Justification is an act whereby our legal position in heaven is changed. Being declared justified is similar to the act whereby a government declares that an alien is a citizen. The moment the person is pronounced a citizen, nothing happens to him physically. His thought processes remain the same, as does his personality and pattern of speech. The only actual change is his legal standing. But as he becomes aware of the benefits of being a citizen, he may shout, cry, or break out into a grin.

The emotional reaction has no organic connection to his changed legal status, but surely there is a cognitive relationship with his new advantages. In the same way, justification changes our legal papers in heaven; we become children of God. In response to this new relationship we may cry, rejoice, or worship God in silent gratitude.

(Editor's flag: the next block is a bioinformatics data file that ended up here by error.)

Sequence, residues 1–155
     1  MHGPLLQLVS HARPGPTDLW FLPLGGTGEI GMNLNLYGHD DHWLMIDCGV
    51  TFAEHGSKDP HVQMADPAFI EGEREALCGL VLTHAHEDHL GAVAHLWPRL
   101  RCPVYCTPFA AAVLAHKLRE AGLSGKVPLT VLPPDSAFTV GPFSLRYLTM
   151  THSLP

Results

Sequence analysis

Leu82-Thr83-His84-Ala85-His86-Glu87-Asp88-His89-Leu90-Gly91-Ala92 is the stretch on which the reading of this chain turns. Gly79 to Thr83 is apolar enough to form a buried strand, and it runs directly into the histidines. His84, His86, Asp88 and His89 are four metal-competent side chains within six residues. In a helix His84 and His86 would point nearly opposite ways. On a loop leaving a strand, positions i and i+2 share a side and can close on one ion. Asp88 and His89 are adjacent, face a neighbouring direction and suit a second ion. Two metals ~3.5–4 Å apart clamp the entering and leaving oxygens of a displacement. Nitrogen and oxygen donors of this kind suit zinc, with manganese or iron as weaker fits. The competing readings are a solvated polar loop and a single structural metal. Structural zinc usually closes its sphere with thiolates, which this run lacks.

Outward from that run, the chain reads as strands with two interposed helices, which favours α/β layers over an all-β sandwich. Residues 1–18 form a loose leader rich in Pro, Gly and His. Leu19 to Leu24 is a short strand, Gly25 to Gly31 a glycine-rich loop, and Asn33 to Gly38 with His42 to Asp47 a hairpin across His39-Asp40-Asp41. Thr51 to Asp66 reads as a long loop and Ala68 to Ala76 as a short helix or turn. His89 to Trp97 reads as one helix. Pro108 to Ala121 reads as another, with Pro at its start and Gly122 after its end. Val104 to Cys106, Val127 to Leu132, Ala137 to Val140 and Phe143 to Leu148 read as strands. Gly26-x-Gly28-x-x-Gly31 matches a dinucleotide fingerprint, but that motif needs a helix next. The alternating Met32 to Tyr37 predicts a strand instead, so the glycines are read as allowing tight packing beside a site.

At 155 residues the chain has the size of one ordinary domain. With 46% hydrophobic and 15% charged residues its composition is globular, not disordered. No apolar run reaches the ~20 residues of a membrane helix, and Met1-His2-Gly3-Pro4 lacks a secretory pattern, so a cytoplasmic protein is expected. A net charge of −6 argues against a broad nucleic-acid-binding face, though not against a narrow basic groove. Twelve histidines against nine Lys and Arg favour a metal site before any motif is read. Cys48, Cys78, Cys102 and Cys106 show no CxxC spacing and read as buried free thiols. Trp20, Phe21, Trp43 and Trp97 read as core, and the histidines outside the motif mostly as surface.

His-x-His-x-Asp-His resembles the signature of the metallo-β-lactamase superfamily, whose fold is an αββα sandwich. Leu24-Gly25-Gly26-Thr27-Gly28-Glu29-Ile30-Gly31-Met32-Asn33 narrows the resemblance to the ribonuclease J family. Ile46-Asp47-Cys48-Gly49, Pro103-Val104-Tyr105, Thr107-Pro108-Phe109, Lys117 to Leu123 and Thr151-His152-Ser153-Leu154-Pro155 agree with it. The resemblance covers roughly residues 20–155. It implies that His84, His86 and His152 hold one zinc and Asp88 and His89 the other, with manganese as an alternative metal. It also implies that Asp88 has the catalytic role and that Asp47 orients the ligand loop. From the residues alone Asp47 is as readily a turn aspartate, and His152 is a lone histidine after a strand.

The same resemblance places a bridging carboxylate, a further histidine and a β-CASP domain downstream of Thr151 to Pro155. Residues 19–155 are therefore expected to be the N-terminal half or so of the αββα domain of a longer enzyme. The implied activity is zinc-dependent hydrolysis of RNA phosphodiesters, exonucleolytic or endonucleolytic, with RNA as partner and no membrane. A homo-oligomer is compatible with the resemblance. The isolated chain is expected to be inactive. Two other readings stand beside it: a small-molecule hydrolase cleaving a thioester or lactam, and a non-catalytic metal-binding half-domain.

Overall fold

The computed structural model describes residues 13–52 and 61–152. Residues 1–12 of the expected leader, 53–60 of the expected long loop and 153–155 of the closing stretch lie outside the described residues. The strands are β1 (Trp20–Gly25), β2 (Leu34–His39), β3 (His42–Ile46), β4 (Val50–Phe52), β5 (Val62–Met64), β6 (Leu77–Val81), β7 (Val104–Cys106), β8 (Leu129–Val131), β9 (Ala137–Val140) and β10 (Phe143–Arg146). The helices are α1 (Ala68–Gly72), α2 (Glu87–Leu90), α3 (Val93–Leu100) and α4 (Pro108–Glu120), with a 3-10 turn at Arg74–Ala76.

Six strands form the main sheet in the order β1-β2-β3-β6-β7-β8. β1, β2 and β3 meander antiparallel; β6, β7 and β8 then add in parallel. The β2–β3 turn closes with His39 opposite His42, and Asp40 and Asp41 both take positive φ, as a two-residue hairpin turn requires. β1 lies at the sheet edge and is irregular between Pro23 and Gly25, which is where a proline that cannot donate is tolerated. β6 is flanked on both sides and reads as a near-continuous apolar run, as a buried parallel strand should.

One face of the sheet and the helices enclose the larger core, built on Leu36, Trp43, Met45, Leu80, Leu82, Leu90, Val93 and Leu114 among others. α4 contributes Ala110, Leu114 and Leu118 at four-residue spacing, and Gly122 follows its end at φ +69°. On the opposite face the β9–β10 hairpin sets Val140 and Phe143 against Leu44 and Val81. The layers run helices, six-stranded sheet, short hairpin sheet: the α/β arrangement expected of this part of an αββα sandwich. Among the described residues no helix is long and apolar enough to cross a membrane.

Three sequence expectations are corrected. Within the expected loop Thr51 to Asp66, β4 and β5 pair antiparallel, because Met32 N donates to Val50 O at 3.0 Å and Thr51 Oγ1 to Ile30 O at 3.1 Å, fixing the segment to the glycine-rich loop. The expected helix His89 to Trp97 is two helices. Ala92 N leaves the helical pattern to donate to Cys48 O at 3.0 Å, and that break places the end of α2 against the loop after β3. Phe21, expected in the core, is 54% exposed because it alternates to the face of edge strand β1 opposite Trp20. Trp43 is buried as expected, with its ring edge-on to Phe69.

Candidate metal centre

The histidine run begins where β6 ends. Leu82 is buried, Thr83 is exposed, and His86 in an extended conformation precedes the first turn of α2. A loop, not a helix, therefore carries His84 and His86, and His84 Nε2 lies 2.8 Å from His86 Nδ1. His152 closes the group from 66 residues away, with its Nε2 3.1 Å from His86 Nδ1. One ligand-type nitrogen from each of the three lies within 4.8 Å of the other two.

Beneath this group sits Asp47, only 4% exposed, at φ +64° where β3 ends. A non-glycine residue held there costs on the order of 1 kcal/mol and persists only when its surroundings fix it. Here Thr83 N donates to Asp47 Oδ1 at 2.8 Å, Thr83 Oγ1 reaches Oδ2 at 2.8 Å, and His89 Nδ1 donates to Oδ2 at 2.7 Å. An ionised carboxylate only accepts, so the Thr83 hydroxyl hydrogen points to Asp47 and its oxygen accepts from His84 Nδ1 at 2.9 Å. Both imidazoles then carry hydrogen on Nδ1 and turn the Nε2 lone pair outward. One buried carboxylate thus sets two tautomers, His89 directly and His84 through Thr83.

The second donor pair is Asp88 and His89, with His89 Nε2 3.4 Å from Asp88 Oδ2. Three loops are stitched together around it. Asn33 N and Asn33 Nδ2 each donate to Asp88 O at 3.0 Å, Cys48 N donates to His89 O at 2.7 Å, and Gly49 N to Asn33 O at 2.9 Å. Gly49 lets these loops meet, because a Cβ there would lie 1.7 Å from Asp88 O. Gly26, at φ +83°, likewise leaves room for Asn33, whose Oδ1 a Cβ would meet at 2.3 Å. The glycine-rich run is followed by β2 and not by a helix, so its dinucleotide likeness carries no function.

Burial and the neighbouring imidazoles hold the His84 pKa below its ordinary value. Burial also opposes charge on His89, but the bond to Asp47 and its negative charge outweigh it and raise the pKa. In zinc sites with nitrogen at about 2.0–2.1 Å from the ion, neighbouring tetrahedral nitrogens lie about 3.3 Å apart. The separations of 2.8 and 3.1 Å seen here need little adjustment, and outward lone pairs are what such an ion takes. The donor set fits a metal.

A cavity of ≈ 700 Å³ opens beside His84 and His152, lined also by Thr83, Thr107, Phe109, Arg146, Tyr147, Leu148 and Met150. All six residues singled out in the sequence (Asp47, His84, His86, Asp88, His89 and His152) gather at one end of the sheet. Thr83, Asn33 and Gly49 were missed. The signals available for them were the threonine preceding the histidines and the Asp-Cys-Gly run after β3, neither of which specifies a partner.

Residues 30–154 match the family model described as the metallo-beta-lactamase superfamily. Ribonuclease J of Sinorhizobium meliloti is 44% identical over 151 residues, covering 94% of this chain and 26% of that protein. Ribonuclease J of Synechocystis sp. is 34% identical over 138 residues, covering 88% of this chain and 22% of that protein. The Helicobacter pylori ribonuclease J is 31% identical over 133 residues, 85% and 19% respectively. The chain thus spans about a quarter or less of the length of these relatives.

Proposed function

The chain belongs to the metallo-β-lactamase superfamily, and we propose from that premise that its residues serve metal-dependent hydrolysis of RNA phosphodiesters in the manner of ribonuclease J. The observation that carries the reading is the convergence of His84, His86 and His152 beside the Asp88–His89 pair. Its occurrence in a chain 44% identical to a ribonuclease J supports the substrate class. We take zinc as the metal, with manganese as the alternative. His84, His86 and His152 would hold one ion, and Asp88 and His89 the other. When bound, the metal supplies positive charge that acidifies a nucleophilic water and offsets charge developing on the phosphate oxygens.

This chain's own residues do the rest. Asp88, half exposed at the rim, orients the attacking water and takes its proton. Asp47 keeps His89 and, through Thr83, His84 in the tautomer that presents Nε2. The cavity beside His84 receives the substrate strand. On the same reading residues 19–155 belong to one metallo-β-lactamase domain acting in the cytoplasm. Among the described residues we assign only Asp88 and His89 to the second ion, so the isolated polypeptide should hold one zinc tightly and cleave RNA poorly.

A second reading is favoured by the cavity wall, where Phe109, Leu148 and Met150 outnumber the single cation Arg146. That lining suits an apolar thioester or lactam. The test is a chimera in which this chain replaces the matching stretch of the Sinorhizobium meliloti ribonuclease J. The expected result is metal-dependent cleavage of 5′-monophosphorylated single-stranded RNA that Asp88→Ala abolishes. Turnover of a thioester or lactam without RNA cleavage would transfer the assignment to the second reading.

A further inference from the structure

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Dr. Elmer Towns is a college and seminary professor, an author of popular and scholarly works (the editor of two encyclopedias), a popular seminar lecturer, and dedicated worker in Sunday school, and has developed over 20 resource packets for leadership education.His personal education includes a B.S. from Northwestern College in Minneapolis, Minnesota, a M.A. from Southern Methodist University in Dallas, Texas, a Th.M. from Dallas Theological Seminary also in Dallas, a MRE from Garrett Theological Seminary in Evanston, Illinois, and a D.Min. from Fuller Theological Seminary in Pasadena, California.He is co-founder of Liberty University, with Jerry Falwell, in 1971, and was the only full-time teacher in the first year of Liberty’s existence. Today, the University has over 11,400 students on campus with 39,000 in the Distance Learning Program (now Liberty University Online), and he is the Dean of the School of Religion.Dr. Towns has given theological lectures and taught intensive seminars at over 50 theological seminaries in America and abroad. He holds visiting professorship rank in five seminaries. He has written over 2,000 reference and/or popular articles and received six honorary doctoral degrees. Four doctoral dissertations have analyzed his contribution to religious education and evangelism.